This means that the human-chimpanzee split was due largely to changes in regulatory genes as opposed to structural genes—the genes that actually build the body. This is consistent with the fact that humans and chimpanzees share ~99% of their genes. “The researchers showed that the number of evolutionary adaptations to the part of the machinery that regulates genes, called transcription factor binding sites, may be roughly equal to adaptations to the genes themselves.” Humans and chimpanzees share many structural genes, but when and for how long these structural genes are turned on varies. Think of the keys on a piano as the structural genes and the sheet music as the regulatory genes. The sheet music dictates when the keys are played and for how long. You can play very different music on the same set of piano keys. You cannot simply cite similarity of the keys and predict the next selection a pianist is going to play. “The regulatory machinery works when proteins called transcription factors bind to specific short sequences of DNA that flank the gene, called transcription factor binding sites, and by doing so, switch genes on and off.”
This again reveals that two species may share a vast majority of their structural genes but still demonstrate very different responses to perturbations like drugs and disease.
Another reason for differences in response is convergent evolution. Convergent evolution occurs when species in two different lineages acquire the same trait. Examples include vision in the form of a camera eye, wings for flight, and “antifreeze” in fish. The mechanism whereby the organism acquired the trait, the genes responsible for the trait, and the “wiring” of the trait may vary considerably. This means that the way the organism responds to perturbations involving the trait may differ dramatically.
Examples of convergent evolution were recently discussed by scientists in the UK. [5-7] Many species need more oxygen under specific circumstances. Elephant seals, for example, store oxygen in their muscle tissue and extract it when diving. Myoglobin in the muscles of whales and other sea mammals have a higher charge than the myoglobin of land mammals. This allows access to oxygen that they otherwise would not have access to. But this mechanism differs from that of ray-finned fish and that of deer mice, who also need more oxygen occasionally. [5-7] Just because an animal modeler discovers a mechanism for a trait in an animal does mean the mechanism for that same trait, or a similar trait in humans or other animals, will be the same. It is therefore ironic that animal modelers harp on mechanisms when asked to defend their profession.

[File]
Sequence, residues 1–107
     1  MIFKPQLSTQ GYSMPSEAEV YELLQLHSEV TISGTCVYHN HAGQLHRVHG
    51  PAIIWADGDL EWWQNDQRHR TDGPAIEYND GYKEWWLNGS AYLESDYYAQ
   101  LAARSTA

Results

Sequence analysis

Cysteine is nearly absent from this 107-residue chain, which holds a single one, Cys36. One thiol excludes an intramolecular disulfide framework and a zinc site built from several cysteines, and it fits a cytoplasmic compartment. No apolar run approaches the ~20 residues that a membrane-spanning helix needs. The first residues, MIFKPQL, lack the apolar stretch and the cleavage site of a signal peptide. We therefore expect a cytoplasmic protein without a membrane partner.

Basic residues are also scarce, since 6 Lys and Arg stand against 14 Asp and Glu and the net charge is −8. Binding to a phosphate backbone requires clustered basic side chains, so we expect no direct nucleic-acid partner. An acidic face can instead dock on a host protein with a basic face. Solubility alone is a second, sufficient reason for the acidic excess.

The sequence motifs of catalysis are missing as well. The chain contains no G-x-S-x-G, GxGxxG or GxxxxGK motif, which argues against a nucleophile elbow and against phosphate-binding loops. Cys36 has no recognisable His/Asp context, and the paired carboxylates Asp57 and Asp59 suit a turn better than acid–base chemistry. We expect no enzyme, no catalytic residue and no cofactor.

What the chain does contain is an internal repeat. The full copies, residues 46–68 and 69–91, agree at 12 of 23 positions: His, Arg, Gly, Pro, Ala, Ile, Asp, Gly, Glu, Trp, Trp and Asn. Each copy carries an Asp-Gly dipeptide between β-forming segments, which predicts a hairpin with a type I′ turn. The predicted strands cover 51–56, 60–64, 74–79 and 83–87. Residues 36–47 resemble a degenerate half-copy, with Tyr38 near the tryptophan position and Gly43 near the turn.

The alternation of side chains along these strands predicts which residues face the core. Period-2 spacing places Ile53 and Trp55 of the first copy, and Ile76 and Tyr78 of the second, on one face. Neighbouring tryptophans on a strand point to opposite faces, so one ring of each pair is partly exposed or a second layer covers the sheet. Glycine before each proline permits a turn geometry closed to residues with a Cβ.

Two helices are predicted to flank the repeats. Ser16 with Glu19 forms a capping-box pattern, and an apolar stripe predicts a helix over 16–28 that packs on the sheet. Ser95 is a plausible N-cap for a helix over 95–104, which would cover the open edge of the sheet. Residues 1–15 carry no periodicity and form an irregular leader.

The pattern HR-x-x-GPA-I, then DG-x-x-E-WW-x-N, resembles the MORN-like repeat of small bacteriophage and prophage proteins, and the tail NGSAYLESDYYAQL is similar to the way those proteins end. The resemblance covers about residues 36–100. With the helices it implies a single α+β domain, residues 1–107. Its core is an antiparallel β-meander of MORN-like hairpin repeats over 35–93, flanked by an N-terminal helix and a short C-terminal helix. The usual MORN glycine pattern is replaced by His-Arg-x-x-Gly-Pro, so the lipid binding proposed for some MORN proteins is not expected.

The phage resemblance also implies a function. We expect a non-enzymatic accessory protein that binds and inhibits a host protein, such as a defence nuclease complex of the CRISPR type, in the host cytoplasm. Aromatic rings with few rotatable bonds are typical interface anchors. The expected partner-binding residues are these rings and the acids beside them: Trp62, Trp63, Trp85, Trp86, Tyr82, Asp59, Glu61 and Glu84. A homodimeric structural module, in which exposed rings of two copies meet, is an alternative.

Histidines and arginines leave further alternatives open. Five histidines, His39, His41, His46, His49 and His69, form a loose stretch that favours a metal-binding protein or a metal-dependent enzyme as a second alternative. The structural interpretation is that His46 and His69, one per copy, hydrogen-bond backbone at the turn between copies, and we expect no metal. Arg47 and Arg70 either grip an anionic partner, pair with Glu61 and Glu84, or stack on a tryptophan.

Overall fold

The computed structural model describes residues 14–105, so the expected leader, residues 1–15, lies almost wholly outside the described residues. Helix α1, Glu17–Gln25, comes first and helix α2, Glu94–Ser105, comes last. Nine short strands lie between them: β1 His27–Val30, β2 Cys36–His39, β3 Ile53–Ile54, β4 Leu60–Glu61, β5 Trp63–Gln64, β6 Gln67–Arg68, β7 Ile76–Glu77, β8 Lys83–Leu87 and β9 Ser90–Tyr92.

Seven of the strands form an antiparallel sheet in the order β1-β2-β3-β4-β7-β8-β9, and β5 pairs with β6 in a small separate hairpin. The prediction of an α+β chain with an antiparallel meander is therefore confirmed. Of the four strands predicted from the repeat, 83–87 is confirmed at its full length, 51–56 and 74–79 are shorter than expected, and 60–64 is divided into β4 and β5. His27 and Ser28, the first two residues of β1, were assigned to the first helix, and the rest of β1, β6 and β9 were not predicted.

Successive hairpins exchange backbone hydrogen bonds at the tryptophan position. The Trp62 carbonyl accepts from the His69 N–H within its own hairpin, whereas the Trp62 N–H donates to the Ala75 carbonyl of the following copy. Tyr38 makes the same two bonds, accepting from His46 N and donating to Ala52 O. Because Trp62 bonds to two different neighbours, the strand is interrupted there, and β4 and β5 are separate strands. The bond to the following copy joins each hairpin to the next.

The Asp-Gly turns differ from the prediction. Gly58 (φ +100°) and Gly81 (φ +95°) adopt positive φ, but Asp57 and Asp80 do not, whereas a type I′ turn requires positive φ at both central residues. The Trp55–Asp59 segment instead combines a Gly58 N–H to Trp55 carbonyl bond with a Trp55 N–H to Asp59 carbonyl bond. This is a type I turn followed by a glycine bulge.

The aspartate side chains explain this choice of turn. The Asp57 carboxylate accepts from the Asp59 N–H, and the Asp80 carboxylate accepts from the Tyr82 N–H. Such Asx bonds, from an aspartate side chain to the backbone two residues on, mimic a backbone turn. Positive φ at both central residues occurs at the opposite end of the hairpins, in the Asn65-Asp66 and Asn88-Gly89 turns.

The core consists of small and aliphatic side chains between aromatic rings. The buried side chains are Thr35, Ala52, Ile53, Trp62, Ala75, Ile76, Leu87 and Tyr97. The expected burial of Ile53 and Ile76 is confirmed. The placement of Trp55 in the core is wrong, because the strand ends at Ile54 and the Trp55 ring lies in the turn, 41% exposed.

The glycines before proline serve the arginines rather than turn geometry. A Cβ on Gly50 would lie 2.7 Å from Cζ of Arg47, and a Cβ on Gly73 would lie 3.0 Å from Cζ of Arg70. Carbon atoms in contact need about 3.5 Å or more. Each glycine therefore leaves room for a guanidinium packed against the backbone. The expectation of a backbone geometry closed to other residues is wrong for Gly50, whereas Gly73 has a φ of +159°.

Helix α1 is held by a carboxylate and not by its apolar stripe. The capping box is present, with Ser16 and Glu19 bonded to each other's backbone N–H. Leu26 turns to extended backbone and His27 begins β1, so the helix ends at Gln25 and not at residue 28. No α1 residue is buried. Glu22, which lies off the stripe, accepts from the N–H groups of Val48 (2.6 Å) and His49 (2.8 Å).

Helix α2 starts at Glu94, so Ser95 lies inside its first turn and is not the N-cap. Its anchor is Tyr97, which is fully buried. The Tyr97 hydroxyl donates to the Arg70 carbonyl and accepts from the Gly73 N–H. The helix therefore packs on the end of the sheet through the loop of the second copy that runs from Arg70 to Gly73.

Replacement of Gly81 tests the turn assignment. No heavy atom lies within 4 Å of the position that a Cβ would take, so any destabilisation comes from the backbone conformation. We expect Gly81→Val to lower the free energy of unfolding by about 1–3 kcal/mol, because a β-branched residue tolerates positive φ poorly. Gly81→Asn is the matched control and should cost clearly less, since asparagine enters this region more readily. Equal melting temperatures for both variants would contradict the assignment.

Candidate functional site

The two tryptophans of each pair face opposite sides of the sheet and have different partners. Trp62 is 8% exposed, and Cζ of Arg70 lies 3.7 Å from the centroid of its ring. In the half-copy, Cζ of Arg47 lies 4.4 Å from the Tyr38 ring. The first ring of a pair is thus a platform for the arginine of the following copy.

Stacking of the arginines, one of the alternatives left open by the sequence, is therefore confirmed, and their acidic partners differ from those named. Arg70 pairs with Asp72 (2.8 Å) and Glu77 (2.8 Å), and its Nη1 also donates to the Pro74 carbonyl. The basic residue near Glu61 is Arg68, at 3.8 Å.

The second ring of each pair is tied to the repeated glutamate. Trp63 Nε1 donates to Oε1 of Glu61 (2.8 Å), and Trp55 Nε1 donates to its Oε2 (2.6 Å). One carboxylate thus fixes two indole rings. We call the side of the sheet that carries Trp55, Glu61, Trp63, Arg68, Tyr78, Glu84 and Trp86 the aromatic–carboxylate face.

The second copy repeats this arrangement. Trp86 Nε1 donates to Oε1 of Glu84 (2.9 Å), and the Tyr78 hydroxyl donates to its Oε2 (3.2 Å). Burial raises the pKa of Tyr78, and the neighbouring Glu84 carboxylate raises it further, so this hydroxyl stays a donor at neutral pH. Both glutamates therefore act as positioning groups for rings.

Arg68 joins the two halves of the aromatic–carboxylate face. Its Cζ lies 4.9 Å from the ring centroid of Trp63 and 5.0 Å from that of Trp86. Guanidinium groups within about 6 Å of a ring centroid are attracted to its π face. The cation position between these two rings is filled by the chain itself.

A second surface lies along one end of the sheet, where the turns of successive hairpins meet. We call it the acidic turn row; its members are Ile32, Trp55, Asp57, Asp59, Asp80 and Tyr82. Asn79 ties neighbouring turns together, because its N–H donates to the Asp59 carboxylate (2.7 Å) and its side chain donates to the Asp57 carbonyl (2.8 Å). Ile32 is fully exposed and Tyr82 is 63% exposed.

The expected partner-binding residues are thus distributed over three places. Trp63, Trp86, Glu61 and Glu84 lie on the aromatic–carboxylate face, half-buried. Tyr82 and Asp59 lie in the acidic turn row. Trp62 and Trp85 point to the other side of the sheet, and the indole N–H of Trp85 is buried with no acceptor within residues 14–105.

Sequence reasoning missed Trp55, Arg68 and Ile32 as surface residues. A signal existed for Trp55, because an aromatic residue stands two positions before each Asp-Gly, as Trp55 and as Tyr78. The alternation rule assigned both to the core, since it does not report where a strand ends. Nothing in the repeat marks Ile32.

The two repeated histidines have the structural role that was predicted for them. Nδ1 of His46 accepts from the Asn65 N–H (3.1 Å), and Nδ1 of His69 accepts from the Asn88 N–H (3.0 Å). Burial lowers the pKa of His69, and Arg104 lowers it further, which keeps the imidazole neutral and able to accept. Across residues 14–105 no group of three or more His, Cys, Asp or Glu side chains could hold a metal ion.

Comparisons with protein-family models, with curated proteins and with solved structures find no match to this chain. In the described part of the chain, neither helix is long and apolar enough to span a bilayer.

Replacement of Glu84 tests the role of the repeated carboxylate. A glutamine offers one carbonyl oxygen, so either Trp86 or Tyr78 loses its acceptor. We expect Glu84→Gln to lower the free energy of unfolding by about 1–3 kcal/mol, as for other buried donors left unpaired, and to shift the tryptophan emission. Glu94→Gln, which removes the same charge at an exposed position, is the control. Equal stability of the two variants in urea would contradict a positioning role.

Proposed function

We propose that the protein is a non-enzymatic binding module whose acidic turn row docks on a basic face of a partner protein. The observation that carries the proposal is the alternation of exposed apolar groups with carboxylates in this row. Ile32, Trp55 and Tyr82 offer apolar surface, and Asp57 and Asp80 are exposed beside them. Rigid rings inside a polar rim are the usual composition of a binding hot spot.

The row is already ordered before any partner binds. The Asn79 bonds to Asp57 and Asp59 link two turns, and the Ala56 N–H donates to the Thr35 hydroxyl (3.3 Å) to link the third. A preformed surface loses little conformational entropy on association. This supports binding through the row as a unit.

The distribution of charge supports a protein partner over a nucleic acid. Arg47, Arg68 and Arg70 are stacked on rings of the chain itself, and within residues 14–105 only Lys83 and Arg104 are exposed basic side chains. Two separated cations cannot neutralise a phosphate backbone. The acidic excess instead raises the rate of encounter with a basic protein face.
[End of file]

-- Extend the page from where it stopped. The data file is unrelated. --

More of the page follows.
All of the above is not to imply that differences in structural genes are unimportant. Scientists at the University of Chicago Medical Center discovered that African-American women are more likely to carry certain mutations that predispose them to triple negative breast cancer. It was already know that African-American women are at higher risk for triple negative breast cancer than Caucasian women. There are many more differences among humans; for example, the anatomy of the brains of patients with dyslexia may differ between the sexes. 
Considering the dramatic intra-human variation in response to drugs and disease, pretending that animal models have predictive value reveals a child-like view of reality. That, or a vested interest in the paradigm. Genetic composition is not the sole determining factor in how we think, act, and react to drugs and disease. Environment plays a big role as well. But just considering the complexity of genetic make-up, including regulatory genes, a strong case could be made that the predictive value of animal models for human response to drugs and disease should be minimal. And that is exactly what the empirical evidence shows.
When Galileo offered a representative of the pope the opportunity to view the four moons of Jupiter through his telescope, thus challenging the Ptolemaic view of the universe, the representative stated: “I refuse to look at something which my religion tells me cannot exist.” Vivisection activists manifest the same attitude regarding empirical evidence, complexity science, and genetic composition when discussing the predictive value of animal models.